Using examples from the text, explain in what ways “I” is like a God?


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Chapter Eleven begins with "I am. I think. I will" and a naming of things which belong to him, such as his hands and his spirit, Equality 7-2521 explains that he has found his answer. He stands on the mountain's peak and spreads his arms, knowing that his existence is the answer. He needs no reason to exist because he is his own reason.

He names his eyes and ears as the organs which give significance and beauty to the world. His mind and his judgment are the only things that can find truth, and his will is the only thing that can make his choices. Some words are wise and others are false, but only the words "I will it" are holy.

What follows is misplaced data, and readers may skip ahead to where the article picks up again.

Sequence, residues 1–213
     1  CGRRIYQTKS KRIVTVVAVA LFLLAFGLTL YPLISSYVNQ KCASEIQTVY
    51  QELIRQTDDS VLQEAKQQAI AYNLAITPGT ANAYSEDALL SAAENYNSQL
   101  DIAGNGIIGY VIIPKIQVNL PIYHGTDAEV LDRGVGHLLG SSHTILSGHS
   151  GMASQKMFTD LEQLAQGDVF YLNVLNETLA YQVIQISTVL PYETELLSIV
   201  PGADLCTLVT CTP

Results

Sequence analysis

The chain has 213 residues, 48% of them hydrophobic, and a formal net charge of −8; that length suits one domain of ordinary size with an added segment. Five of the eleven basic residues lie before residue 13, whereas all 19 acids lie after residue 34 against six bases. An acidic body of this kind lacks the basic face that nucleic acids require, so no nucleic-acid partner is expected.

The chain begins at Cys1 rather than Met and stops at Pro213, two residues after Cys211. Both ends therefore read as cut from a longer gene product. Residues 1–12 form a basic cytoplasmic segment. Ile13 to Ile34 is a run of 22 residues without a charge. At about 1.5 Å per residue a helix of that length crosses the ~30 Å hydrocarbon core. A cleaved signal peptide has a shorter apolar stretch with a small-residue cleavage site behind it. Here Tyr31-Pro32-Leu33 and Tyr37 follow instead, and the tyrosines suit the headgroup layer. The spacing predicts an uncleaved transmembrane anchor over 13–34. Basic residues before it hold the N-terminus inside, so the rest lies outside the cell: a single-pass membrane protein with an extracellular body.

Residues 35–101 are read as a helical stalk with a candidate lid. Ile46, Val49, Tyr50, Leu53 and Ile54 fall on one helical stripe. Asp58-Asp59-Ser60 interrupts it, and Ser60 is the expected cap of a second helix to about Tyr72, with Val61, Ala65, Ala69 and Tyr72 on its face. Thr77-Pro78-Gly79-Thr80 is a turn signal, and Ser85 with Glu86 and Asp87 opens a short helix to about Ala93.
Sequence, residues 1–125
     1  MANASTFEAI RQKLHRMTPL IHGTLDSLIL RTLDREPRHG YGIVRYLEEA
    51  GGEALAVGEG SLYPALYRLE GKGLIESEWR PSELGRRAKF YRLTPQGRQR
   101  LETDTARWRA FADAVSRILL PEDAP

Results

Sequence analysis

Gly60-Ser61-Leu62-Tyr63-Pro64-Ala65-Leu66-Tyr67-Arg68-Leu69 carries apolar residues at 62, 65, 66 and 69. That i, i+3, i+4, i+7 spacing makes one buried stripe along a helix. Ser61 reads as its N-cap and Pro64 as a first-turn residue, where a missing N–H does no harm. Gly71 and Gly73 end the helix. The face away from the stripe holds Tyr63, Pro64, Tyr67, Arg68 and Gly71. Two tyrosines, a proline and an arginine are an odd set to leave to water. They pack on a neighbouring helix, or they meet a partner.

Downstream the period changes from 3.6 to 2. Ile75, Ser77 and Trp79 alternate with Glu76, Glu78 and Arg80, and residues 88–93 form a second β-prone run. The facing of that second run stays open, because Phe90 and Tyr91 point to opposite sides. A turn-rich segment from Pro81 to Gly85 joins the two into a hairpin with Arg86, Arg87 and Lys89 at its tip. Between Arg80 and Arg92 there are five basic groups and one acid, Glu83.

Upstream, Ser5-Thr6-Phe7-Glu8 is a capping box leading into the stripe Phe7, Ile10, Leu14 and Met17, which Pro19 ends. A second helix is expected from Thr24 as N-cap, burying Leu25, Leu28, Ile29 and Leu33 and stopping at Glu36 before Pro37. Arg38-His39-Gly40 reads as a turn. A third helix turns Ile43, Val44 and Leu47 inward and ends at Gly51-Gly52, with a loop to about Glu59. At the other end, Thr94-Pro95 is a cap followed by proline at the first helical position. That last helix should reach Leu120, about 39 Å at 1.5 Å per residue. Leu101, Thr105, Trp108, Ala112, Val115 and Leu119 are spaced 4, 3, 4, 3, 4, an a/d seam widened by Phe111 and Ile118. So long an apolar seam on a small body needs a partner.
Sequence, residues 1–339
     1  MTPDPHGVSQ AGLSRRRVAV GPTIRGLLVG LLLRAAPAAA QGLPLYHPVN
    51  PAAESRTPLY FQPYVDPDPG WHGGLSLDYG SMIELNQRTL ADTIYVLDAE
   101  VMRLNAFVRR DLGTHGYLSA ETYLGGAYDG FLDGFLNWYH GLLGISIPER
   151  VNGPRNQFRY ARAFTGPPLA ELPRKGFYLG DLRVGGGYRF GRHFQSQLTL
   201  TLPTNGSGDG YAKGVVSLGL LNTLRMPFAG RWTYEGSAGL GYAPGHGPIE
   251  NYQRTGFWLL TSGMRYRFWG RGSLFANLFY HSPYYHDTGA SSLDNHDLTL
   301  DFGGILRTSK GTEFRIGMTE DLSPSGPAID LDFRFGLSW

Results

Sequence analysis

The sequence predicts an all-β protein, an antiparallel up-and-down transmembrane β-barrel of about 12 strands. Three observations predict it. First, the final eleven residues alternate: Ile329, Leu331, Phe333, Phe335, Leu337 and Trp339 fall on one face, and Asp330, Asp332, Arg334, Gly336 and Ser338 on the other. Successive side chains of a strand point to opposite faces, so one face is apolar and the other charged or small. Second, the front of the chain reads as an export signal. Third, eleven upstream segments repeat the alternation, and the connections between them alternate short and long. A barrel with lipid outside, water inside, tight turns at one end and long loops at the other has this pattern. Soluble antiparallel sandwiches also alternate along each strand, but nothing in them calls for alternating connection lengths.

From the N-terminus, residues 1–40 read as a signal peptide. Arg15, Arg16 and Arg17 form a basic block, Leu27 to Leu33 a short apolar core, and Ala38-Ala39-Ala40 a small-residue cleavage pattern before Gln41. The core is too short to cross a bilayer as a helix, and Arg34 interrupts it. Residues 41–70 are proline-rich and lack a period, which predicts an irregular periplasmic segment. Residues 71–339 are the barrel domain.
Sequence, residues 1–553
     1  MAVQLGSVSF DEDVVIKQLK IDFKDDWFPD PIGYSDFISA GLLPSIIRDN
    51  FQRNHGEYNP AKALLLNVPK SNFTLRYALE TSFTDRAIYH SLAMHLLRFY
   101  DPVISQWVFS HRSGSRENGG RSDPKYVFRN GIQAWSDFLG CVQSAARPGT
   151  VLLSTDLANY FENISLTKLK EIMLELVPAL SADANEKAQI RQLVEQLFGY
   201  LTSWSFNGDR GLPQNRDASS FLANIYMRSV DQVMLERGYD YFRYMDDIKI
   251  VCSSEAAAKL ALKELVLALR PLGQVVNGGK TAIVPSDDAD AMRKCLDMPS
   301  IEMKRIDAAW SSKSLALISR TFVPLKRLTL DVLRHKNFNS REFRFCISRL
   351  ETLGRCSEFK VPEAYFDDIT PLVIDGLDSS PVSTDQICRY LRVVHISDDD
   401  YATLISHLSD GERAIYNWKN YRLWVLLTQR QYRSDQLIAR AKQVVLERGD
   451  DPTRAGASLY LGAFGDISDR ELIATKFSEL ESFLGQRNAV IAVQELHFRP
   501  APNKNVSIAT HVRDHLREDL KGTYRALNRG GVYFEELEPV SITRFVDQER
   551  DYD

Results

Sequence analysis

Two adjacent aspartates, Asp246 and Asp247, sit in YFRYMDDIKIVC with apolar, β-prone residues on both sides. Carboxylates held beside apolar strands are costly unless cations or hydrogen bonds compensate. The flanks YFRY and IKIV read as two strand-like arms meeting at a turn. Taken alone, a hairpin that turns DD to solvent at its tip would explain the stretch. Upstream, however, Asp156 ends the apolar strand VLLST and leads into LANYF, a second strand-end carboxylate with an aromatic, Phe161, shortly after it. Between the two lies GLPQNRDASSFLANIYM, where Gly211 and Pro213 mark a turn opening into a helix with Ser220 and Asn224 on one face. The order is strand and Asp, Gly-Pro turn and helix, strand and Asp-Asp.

He knows now that he is the end of his journey, and he does not care of the overall significance of the earth because he knows about happiness. The fulfillment of happiness, in his view, is its own purpose. Furthermore, he refuses to be a tool for anyone else's accomplishments or happiness.

Declaring himself to be a man and his own miracle, he decides that he cannot share or give away his treasures of thought, will, and especially freedom. He cannot help "the poor of spirit" by giving up his own spirit. He owes nothing to his brothers, but neither does he require anything of them.